So, that makes it sound like this was a new comment on a current blog ... but I'll reserve my critique of editors' choices for another day! None-the-less, Colby Buzzell - and, therefore, Soldier blogs - got some more press today. A couple of comments in the article are worth copying here - they apply perfectly to what this blog is all about (the emphasis is mine).
Pentagon security policy forbids soldiers to publish sensitive information, such as unit locations or the timing of military operations, that might put troops in harm's way. But beyond that, soldiers in Iraq and Afghanistan are encouraged to blog about military life, said Army Public Affairs Spc. Lindy Kyzer.I disagree that the Army currently "encourages" Soldiers to blog - "allows" or "tolerates" more accurately captures how I understand the policies and practices. But SPC Kyzer (interesting that PA has a SPC as a spokesperson - nothing against our great junior Soldiers, but I was under the impression that it would typically be someone of higher rank ***CORRECTION: Lindy Kyzer is a "Public Affairs Specialist", not an Army SPC - Thanks AFSister ***) does make two great points: "we need to have our soldiers talk [because] they are our best spokespersons." And add another reason - therapeutic benefit - to the list of reasons why the Army really should encourage blogging.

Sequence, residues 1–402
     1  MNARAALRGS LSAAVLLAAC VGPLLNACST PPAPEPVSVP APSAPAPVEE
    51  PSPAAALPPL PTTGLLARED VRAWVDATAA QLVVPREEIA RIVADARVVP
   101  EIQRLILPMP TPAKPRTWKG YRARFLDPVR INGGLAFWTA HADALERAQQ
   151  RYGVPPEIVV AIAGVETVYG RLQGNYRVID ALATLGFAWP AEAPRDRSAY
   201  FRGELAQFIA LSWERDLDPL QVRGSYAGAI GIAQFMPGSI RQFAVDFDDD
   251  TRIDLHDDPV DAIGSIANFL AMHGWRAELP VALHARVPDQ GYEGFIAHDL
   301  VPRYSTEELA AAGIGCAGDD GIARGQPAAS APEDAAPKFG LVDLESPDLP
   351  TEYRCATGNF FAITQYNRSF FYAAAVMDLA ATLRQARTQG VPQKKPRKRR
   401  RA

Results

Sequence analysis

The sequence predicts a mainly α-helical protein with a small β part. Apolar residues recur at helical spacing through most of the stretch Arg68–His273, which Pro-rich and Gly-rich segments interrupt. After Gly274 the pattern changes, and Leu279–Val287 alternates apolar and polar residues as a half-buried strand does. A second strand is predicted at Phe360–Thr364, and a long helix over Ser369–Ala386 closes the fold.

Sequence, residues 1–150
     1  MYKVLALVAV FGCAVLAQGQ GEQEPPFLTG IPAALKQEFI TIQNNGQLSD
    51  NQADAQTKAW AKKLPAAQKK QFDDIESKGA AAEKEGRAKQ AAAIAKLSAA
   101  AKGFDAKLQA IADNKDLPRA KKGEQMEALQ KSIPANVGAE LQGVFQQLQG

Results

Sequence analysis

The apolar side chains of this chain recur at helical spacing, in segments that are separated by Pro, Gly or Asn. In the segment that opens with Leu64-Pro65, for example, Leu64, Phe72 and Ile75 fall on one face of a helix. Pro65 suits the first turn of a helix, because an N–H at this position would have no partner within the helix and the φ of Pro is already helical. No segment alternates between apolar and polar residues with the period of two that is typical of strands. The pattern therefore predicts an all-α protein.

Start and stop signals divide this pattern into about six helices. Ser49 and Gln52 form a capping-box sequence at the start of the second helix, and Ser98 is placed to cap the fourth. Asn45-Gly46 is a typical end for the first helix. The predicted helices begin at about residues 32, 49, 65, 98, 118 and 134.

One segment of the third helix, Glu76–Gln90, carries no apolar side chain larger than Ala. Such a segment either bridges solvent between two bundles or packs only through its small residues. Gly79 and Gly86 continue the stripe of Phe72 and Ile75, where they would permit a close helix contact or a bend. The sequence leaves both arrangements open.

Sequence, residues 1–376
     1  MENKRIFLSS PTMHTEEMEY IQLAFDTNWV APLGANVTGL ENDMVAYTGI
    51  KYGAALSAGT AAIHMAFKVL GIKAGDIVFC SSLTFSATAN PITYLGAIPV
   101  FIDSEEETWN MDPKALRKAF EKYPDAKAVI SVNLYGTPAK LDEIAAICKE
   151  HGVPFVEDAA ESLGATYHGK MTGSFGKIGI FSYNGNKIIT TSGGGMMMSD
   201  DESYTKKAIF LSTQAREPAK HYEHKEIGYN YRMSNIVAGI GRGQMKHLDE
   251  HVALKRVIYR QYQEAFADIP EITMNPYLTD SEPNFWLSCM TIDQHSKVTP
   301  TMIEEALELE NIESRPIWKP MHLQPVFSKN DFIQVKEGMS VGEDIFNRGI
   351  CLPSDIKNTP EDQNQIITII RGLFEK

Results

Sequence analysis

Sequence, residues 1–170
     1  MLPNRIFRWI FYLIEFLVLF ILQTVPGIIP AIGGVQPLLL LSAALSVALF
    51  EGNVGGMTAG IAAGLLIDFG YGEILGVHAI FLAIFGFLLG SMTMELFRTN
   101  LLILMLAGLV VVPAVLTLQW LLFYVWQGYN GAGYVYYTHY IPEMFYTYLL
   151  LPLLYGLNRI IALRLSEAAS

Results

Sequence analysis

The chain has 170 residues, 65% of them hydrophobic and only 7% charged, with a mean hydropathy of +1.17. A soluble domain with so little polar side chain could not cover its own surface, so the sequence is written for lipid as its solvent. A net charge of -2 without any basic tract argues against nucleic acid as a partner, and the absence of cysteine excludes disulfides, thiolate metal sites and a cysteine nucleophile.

"We're actually entering an era of transparency, where we need to have our soldiers talk. It does open up risks. Once you post something, you can't get it back. But we trust our soldiers with a lot," she said. "They are our best spokespersons. They know what the life of a soldier is like, and it's important to convey that to the American people."
Blogging also helps soldiers process traumatic combat experiences that can be hard for them to talk about, Kyzer said.
So, let's go back to the idea of encouraging Soldiers to blog. What are some legitimate ways to encourage that? I'll post some ideas later ... in the meantime, feel free to leave your ideas about it.